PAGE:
From Adidas to Nike, these are the best tennis shoes out there. Read on to discover the best tennis shoe recommendations for you.
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It goes without saying that tennis is a highly challenging sport. It has a steep learning curve that can only be overcome if we hone our skills, practice a lot, and stay as disciplined as possible. However, there is more.
What tennis gear we use on the court matters, and tennis shoes simply cannot be ignored. Not only do the physical features of our foot, such as its shape and size, differ from one another but we all move and feel differently.
To make matters worse, there are dozens of tennis shoe brands these days which, in turn, have dozens of types and models to offer, making finding the best tennis shoe a real effort. To avoid that, we will be going over some of the best tennis shoes on the market today.
ASICS Gel-Resolution 8
Head Graphene Speed
Wilson Blade 104 V8
- Best Tennis Shoes By Category
- The 21 Best Tennis Shoes Overall
- Asics Gel Resolution 8
- K-Swiss Hypercourt 2
- Asics Court Flyte Foam 2
- Wilson Rush Pro 3.0
- Nike Court Lite 2
- Babolat SFX 3
- ASICS Gel Challenger 12
- Adidas Barricade
- K-Swiss Hypercourt
- Prince T22
- Adidas Avacourt
- Mizuno Wave Exceed Tour 4
- New Balance Fresh Foam
- Babolat Jet Mach III
- Adidas Adizero Ubersonic
- Nike Court React Vapor NXT
- New Balance 786v2
- Adidas Stella Court
- K-Swiss Ultrashot 3
- Nike Air Zoom Vapor Cage 4
- Wilson Kaos 2.0
- Also Good Tennis Shoes
- Buying Guide
Best Tennis Shoes By Category
Best Lightweight Tennis Shoes
Most Comfortable Tennis Shoes
Most Durable Tennis Shoes
Nike Air Zoom Vapor Pro
Asics Gel Resolution 8
Wilson Rush Pro
Best Tennis Shoes For Wide Feet
Best Tennis Shoes for Flat Feet
Best Tennis Shoes For Support
KSwiss Hypercourt Express 2
Nike Air Zoom Vapor Cage 4
Best Tennis Shoes For Hard Court
Best Tennis Shoes For Clay Court
Best Tennis Shoes For Grass Court
Asics Court FlyteFoam
Asics Solution Speed FF2
Babolat Jet 3 Grass Shoe
The 21 Best Tennis Shoes Overall
Asics Gel Resolution 8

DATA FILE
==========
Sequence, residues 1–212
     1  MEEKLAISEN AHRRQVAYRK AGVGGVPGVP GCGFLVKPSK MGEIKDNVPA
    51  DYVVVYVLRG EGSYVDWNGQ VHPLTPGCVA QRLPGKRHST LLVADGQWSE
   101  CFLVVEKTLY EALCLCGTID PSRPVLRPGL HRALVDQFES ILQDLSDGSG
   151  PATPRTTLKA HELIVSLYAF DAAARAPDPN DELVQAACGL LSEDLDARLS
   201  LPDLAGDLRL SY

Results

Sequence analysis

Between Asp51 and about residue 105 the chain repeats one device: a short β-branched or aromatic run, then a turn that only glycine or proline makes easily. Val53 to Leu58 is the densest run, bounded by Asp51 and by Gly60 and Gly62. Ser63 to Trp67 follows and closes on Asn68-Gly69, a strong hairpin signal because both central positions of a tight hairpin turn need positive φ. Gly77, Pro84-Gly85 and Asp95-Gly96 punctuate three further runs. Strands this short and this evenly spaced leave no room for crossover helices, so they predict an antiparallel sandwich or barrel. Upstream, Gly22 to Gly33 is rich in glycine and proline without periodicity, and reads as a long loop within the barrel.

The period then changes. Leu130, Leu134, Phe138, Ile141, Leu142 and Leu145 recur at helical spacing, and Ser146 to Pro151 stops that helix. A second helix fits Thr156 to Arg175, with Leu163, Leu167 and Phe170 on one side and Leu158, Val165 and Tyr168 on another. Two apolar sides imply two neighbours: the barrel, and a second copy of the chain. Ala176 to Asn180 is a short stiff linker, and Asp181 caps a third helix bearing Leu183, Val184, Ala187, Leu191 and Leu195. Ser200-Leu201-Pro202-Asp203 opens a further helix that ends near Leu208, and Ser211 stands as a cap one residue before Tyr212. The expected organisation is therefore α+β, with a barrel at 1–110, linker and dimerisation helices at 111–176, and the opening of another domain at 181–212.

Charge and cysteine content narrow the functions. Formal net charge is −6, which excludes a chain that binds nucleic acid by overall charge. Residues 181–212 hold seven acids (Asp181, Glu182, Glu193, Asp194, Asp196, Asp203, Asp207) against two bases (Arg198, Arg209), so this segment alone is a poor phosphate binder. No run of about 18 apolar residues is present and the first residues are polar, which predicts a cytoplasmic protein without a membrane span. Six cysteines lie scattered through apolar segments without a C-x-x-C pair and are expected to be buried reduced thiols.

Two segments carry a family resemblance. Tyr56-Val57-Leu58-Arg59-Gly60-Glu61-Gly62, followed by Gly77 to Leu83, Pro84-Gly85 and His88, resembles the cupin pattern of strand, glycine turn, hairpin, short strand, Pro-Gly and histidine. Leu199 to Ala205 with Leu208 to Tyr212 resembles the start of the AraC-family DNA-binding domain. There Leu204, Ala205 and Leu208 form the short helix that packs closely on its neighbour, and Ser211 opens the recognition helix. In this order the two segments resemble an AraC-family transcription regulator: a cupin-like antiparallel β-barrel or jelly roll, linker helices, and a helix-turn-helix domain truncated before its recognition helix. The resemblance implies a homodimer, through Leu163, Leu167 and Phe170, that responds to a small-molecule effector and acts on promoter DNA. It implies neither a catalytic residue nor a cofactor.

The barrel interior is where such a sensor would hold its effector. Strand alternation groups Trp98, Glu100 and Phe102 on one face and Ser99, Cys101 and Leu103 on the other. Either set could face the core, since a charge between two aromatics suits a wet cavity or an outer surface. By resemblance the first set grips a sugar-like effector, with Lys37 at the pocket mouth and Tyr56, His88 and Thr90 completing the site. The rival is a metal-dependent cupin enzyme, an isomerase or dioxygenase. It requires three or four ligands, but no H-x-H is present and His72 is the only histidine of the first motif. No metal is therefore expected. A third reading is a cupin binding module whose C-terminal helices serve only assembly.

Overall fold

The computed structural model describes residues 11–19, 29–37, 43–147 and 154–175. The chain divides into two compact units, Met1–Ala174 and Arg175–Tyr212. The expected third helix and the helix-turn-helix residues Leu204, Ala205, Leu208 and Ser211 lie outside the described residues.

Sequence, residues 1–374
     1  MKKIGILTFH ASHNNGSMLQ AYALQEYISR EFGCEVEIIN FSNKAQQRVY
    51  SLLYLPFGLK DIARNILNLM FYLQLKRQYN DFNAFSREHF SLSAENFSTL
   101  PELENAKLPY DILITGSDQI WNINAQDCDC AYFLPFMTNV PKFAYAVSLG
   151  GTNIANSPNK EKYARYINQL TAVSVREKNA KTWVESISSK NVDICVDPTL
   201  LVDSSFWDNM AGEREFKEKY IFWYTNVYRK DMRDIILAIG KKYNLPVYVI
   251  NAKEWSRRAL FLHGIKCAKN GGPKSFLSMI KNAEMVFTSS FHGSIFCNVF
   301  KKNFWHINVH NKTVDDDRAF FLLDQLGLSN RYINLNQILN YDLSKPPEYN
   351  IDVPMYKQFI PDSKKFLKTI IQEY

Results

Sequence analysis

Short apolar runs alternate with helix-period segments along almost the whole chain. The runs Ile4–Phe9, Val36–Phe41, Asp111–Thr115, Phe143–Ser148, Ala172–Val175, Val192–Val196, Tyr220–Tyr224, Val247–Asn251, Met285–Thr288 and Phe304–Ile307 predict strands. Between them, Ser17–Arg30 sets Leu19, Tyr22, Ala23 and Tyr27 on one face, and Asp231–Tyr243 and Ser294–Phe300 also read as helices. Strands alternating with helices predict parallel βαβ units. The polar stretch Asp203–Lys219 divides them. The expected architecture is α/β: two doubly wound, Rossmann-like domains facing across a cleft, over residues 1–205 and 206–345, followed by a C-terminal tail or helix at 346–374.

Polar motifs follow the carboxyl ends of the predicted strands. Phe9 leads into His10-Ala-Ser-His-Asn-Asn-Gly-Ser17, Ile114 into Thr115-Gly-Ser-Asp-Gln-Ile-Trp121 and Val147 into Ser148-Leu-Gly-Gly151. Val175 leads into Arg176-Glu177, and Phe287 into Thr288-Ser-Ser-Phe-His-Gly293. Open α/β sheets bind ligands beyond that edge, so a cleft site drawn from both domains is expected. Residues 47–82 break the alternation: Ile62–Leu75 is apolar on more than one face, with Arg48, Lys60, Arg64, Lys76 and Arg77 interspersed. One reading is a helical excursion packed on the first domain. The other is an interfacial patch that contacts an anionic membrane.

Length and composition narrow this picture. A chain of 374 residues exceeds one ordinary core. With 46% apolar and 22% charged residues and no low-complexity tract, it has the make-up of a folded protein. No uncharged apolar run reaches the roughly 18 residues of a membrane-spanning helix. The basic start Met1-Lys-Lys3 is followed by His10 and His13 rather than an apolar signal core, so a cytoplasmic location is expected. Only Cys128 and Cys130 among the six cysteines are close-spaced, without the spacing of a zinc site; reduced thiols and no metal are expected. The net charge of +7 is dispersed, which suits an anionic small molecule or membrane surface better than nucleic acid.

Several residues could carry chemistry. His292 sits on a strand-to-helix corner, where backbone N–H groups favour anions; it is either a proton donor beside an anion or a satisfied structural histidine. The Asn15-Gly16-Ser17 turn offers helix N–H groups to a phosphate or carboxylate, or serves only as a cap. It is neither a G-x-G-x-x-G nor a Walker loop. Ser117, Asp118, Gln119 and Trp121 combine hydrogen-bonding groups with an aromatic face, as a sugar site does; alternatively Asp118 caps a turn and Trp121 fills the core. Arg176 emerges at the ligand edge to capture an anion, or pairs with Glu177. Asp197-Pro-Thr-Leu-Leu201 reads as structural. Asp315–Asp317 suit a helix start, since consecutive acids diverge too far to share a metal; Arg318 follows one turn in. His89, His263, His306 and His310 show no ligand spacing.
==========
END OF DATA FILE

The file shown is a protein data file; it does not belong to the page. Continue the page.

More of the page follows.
The Asics Gel Resolution 8 does a good job of combining both comfort and durability in a way that does not compromise on the style of the shoe. It is great for beginners and advanced players alike.
But perhaps the best thing about this men’s tennis and women’s tennis shoe is its ability to adapt to any foot shape or size, something many shoes lack. It also has a low profile and yet great lateral support which allows players to feel more planted on the baseline, giving them extra confidence and control.
All in all, the Asics Gel Resolution 8 is a great all-rounder that continues to enjoy strong popularity among tennis players and coaches.
K-Swiss Hypercourt 2
The Hypercourt Express 2 was designed with one thing in mind, comfort, and the shoe truly delivers on that. It has ample padding, offering a squidgy feel to the feet upon stepping in.
However, despite the extra cushioning, the Express 2 is very light and stable. Part of that is due to its midsole, which is neither very soft nor rigid.
Asics Court Flyte Foam 2
The Asics Court FlyteFoam 2 offers great support and balance if you want to move confidently across the court in all directions. In addition, these shoes will cushion irritating shock during impact in any direction. They will also offer responsive springing from the elastic midsole and dependable traction from the rubber sole.
The Asics Court FlyteFoam 2 tennis shoes should be cozy thanks to the forefoot and heel gel cushions. Also, according to some reviewers, they have a cozy, sock-like fit that makes them fit like a glove.